Exploration and early removal of the migrated foreign body via an external approach is recommended to prevent life threatening complications. The position of the neck during CT scan and surgery may not be the same because soft tissues of the neck are mobile in relation to the bony and cartilaginous structures so it should be kept in mind that the position of the foreign body may not be the same during surgery as seen on CT scan, (11) as was seen in this report. Because the neck was extended during surgery, the foreign body was found lower than what was seen on CT scan. Exploration of the neck to locate the foreign body can sometimes be a frustrating experience for the surgeon as was true in the current case. Use of intraoperative radiograph using fluoroscopy supplemented with metallic markers to locate the foreign body can be of great help to the surgeon as it was in this case report. (12) Intra operative radiograph is useful especially in cases where the foreign body is embedded within the muscles. Nasogastric tube must be placed in all cases to allow for healing of the perforation while allowing feeding to continue. Barium swallow should be done to check for persistent esophageal perforation before removing the nasogastric tube.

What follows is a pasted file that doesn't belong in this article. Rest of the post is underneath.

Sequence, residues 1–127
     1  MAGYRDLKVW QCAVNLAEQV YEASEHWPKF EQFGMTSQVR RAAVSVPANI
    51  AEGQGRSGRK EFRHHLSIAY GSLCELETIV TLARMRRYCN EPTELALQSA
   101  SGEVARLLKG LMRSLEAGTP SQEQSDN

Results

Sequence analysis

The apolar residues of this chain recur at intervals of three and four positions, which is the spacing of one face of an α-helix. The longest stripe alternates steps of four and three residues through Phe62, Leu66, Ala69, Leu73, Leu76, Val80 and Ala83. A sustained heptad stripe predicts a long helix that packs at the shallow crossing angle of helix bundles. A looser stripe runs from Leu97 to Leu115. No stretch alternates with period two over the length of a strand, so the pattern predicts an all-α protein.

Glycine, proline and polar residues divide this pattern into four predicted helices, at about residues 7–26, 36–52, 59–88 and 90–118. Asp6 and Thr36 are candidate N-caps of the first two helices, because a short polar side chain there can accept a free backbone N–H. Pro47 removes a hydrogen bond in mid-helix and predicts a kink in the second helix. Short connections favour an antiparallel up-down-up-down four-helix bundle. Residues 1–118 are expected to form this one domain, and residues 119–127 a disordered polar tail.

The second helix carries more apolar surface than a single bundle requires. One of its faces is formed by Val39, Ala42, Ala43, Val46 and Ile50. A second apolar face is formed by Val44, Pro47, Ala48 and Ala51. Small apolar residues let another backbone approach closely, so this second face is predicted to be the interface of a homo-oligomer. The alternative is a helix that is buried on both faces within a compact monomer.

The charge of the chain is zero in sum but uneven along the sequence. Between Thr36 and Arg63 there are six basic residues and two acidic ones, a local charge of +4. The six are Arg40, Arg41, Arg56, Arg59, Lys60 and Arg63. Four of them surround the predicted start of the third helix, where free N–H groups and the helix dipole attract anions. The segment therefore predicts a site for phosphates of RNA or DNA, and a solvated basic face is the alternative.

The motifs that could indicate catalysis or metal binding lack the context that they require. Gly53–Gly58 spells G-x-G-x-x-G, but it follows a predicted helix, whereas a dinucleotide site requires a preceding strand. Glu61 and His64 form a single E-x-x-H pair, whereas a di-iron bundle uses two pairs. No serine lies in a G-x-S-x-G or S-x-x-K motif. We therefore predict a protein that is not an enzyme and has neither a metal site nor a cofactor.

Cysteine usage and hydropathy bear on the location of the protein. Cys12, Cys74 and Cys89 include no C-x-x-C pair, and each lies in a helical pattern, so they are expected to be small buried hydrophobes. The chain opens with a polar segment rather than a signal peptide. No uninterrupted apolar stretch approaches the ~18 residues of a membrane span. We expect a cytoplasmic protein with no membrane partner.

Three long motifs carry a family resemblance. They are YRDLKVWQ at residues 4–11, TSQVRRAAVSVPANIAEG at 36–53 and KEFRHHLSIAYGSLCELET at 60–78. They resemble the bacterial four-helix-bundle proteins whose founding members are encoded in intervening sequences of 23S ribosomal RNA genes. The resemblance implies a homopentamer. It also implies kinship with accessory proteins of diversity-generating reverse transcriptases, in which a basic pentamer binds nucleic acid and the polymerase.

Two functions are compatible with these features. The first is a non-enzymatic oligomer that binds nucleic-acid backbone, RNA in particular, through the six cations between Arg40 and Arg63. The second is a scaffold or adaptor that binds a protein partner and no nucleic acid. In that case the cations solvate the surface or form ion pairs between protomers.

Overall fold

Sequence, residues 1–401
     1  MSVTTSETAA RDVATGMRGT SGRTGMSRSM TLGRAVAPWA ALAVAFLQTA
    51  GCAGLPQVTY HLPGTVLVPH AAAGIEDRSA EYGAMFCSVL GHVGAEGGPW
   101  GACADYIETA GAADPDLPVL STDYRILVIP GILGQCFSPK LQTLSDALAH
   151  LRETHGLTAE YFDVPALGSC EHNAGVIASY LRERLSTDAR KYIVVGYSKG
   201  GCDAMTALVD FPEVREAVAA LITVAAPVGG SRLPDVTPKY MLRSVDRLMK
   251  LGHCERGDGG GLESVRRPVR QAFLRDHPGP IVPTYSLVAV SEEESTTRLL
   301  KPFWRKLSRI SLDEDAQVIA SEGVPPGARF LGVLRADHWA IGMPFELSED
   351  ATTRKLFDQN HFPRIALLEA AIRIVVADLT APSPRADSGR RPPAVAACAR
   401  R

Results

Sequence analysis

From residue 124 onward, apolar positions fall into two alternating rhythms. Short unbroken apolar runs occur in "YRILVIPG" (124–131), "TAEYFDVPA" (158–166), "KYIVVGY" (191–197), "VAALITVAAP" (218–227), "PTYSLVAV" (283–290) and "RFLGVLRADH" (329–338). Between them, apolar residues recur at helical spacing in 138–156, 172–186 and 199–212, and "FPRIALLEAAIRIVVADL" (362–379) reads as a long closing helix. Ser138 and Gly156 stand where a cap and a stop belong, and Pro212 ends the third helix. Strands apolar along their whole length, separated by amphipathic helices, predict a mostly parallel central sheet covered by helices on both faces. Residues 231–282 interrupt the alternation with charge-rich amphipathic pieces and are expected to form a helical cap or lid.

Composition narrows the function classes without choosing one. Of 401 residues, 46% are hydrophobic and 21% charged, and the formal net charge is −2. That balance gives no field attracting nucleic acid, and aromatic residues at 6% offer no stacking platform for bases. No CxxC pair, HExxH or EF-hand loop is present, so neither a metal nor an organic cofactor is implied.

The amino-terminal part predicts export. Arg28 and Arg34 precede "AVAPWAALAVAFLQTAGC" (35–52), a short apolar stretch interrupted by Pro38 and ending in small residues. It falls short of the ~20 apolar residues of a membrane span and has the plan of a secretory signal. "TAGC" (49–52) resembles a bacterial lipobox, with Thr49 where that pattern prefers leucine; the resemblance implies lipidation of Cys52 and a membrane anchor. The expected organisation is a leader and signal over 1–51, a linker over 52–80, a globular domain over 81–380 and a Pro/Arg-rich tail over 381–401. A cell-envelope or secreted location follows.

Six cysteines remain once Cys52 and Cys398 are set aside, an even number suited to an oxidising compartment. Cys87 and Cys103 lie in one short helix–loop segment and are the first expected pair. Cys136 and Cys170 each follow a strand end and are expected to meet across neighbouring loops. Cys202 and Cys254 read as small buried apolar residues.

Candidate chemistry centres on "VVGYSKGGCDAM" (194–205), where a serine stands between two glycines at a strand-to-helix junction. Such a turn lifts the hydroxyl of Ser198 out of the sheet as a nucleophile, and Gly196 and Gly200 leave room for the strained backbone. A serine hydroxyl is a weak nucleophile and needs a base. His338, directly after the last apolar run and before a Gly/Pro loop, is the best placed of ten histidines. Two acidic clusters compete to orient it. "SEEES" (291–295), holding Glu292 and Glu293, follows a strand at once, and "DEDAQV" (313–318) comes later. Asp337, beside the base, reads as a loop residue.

A high index of suspicion is needed to diagnose a migrating foreign body. Early intervention is crucial in such cases to prevent complications. A thorough esophagoscopy and CT scan of the neck with and without oral contrast are the gold standard for diagnosis. A careful and systematic approach during exploration of the neck is needed. Intraoperative radiography can be of great help in locating the foreign body. Thus intraoperative CT scan may play a role in managing difficult situations in the future.
Received: 15 Oct 2013/Accepted: 09 Dec 2013
The authors reported no conflict of interests and no funding was received for this work.
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Roshan Kumar Verma [mail], Naresh K. Panda
Department of Otolaryngology and Head & Neck Surgery, PGIMER, sec 12 Chandigarh-160012, India
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|Author:||Verma, Roshan Kumar; Panda, Naresh K.|
|Publication:||Oman Medical Journal|
|Date:||Jan 1, 2014|